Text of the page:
Matt Risinger, CEO of Risinger Build, teamed up with three industry experts in Dallas at BMC’s 300,000 square-foot custom mill shop for an episode of Build Show LIVE. During the live webinar event, the panel discussed and dissected the technical details of the most popular door styles from good to best. Here’s an overview to help guide in selecting the best door package.
Hollow Core Hardboard: You’ll find hollow core hardboard interior doors in apartment buildings and entry-level homes. Comprised of two pieces of hardboard skins, a large steel die presses a 3-inch fiber and pulp mat into an eighth-inch rigid, super dense product that keeps its lines. The stile and rail are made out of MDF, resulting in a low-cost, lightweight door that has no problem holding hinges and screws.
Cost: 6’8”: $80. 8’0”: $135-$140*
Solid Core Molded Panel: This roughly 80-pound door uses the same skin as the Hollow Core Hardboard door, but a particle board core fills about 95 percent of the void between the two skins. The rail is MDF, but the stile is now a solid piece of wood. “It adds weight,” Aaron Corey points out, “so you get the feel of a good, solid wood door.”
Cost: 6’8” ~$150. 8’0”: ~$200-$210
Entry-Level Model: This medium-tier, commodity-based door offers a solid wood stile and rail as well as a wood-type core. MDF panels keep the door nice and stable, and bladder-pressed panels let you achieve a raised-panel look with an engineered center. You’re limited, however, in the kinds of panel layouts, stickings and components you can use on the stiles. “That’s actually what I put in my house 14 years ago when I remodeled,” shares Matt Risinger, adding it’s “a nice upgrade from a solid core door.”
True Stile and Rail Door: Built like custom wood doors, these doors are highly engineered and made out of MDF. An LSL (laminated strand lumber) core makes for a very stable door. Built to architectural standards with separate components, each MDF panel can serve as a true, crisp molding. As a result, when you put the stiles and rails together, you end up with really sharp details. This door type is highly customizable, so the design options are nearly limitless.
Cost: $500-$600 (add $100 for popular CNC-routed solid poplar jamb)
Entry-Level Model: With this commodity-based, stain-grade door, you’re limited on panels and sticking options. The stiles and rails are not engineered, and its thin veneer can be easily chipped or damaged. This is a great option, however, for the entry-level buyer who would like to have stain-grade doors.
Highly Engineered Model: This top-of-the-line, stained-grade door uses three-eighth-inch thick solid lumber on the outside of the panel, which allows for router-carved architectural details. You can choose between highly water-resistant cores, including MDF, LSL strand core and LVL (laminated veneer lumber), which prevent warpage and movement. The sturdy construction makes stain-grade wood doors effective for exterior use as well. This door can last for generations with proper finishing and maintenance, and you can actually repair it without worrying about sanding through the veneer.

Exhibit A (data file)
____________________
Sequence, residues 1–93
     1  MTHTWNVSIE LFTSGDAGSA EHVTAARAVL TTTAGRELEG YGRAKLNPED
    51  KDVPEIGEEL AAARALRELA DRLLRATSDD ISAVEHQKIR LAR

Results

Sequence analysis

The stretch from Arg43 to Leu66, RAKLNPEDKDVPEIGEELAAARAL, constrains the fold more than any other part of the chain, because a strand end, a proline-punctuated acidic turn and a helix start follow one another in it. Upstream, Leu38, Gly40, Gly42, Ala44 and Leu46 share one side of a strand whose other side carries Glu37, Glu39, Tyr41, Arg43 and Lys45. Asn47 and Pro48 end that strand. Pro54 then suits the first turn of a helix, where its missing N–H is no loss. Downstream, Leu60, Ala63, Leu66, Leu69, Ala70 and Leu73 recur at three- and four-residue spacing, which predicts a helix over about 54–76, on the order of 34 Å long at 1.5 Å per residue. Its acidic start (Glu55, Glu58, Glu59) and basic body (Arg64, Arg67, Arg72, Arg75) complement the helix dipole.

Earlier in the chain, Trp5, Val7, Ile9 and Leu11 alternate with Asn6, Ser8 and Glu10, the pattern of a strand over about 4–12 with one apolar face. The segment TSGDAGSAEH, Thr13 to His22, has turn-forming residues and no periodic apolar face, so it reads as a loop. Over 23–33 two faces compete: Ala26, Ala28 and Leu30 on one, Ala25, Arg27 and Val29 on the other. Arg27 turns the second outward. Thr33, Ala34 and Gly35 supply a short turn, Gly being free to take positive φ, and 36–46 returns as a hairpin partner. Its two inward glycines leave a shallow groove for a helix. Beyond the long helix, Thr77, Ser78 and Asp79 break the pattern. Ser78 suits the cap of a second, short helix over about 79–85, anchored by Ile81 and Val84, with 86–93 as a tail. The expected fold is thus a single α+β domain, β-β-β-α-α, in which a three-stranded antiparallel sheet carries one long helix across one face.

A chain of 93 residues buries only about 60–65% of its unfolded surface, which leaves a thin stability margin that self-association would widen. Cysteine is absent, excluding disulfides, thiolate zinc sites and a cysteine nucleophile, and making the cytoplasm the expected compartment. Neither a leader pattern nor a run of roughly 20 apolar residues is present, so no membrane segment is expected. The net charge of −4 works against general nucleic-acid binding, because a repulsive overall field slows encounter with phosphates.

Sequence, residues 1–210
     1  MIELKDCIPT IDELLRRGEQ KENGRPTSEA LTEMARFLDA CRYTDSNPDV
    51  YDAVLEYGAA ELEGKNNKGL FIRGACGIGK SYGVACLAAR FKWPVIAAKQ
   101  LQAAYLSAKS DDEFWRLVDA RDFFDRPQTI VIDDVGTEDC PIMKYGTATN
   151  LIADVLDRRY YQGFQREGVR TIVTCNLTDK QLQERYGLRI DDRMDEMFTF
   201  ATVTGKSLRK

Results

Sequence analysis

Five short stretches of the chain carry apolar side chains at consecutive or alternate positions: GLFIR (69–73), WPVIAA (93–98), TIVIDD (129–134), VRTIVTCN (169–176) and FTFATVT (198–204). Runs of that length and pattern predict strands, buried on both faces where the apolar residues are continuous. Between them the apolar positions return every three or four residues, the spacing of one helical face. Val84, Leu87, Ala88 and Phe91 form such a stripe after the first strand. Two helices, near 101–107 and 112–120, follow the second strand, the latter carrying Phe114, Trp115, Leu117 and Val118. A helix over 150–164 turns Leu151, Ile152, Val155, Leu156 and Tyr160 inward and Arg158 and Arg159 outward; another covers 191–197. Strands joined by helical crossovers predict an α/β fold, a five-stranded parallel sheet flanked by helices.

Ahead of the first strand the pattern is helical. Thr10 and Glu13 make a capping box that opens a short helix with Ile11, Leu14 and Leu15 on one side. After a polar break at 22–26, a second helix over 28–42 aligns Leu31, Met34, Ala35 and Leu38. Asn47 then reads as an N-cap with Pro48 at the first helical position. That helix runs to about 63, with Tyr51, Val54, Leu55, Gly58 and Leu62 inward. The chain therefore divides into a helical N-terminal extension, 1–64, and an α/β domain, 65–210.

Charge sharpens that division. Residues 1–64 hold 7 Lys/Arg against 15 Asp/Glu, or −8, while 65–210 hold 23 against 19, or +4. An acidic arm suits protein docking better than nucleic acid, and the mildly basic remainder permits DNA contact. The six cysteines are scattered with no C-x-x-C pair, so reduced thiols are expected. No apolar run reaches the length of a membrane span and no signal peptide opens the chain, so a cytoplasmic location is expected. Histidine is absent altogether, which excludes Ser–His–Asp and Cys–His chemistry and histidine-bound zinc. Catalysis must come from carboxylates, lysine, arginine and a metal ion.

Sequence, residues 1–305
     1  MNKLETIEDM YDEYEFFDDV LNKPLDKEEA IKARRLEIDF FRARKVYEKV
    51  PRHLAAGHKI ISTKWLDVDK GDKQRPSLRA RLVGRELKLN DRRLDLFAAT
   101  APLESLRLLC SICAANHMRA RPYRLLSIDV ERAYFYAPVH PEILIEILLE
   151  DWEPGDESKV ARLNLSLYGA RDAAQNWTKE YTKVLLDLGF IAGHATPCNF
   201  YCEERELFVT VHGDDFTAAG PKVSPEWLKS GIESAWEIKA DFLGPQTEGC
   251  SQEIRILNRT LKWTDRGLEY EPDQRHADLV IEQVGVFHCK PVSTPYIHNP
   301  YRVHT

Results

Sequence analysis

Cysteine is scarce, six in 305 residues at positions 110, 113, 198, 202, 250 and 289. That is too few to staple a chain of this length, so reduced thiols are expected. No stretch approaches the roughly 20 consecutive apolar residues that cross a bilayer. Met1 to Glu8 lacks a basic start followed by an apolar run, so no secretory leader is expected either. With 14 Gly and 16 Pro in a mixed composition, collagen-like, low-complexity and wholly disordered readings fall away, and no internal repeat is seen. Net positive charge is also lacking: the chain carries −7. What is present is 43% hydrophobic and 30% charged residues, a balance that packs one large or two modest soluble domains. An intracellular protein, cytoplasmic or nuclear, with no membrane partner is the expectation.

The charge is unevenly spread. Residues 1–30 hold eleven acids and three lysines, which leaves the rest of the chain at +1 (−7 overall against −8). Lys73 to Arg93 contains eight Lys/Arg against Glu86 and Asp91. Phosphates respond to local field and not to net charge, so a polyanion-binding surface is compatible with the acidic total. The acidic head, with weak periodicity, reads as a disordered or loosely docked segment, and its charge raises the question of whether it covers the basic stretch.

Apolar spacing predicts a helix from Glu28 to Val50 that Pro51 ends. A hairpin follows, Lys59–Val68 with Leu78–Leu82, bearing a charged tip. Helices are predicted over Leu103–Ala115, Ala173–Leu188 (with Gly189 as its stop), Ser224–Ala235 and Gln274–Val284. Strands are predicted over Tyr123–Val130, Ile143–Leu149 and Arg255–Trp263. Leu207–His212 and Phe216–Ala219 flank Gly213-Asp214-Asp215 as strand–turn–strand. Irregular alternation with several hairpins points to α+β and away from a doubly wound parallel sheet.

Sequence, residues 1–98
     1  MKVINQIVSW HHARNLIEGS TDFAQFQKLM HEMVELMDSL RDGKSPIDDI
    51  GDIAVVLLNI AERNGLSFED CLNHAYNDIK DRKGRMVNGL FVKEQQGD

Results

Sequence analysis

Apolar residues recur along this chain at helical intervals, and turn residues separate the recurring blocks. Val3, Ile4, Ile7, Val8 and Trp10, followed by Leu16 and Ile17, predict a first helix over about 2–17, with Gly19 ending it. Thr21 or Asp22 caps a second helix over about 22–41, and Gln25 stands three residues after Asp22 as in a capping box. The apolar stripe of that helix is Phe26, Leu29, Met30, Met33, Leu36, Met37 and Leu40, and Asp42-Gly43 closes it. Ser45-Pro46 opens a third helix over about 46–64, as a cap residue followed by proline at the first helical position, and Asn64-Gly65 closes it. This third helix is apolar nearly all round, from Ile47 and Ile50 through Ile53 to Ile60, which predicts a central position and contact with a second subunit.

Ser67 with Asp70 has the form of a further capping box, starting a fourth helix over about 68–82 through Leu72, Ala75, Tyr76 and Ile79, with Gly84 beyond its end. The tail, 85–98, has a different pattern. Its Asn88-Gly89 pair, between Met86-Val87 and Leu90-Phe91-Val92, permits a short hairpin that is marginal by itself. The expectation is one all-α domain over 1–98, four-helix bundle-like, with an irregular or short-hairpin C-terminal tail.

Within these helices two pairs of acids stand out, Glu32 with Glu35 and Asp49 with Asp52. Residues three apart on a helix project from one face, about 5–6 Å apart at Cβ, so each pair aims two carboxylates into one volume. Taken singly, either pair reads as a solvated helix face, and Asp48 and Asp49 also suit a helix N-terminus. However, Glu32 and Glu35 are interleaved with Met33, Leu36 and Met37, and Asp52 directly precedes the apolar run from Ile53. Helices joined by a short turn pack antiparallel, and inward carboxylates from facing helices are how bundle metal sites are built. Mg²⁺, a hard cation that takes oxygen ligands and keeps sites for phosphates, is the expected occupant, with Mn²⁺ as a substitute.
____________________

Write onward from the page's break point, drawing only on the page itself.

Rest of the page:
Cost: Starts at $1,000 (can go up in price depending on number of panels and type of wood)
Flush Metal Door: You’ll find these in many apartment complexes, but a lot of residential, single-family builders also use these as fire doors between the laundry room, mud room and garage. A polystyrene core and LVL stiles provide rigidity, and a non-rot bottom rail provides durability. The doors still dent fairly easily, though, and are difficult to repair.
Cost: 6’8”: $400. 8’0”: $500 (with frame and weatherstripping)
Fiberglass Exterior Door: Simply put, these doors won’t dent. Fiberglass is much more rigid than metal, and this door’s fiberglass skins are approximately an eighth-inch thick. You can choose between a number of clever threshold options, including a replaceable deck sill and an articulating threshold, to keep your exterior doors weathertight. In addition, BMC’s FrameSaver® door jamb technology, resistant to rot and insect damage, is engineered to protect and preserve exterior door frames.
Cost: 6’8”: $550. 8’0”: $900 (can go up in price if emboss, add glass or panels, etc.)
As Matt shares in the episode, BMC’s state-of-the-art facility goes through about 35,000 slabs per month (that’s about 1,000 slabs per day!). While Dallas is one of our largest custom mill shops, BMC has more than 49 millwork facilities around the country. Your local BMC rep can access any of our custom millwork capabilities, so you can get exactly what you need, no matter where you’re located.
Whatever the architect, designer and builder can dream up, BMC can build. Aaron explains,
"We have the capabilities to take a totally unique design and create it from scratch. So, every day, we’re being asked to climb new mountains, answer new challenges and come up with ways to implement these grand visions. We help people that dream really big get what they want."
Our experts can make recommendations to fit your project style and budget. Most importantly, you can rest easy that when your doors show up at your jobsite, they’re ready to go. Matt points out, “You can specify down to the specific hinge you want, the specific door you want, the specific jamb you want, so when that shows up, it’s all fully customized. And that’s one benefit of working with a really top-notch firm like [BMC].”
For more tips and insights on the most popular door styles and how they’re made from Matt Risinger, Aaron Corey, Chris Ludwig and Darryn Edestrand, watch the Build Show LIVE webinar here.
*Costs cover a prehung door unit, with door in frame complete with jamb and hinges.
Costs shown are estimates only, may vary by market, and are subject to change. Please contact your local BMC for a price quote.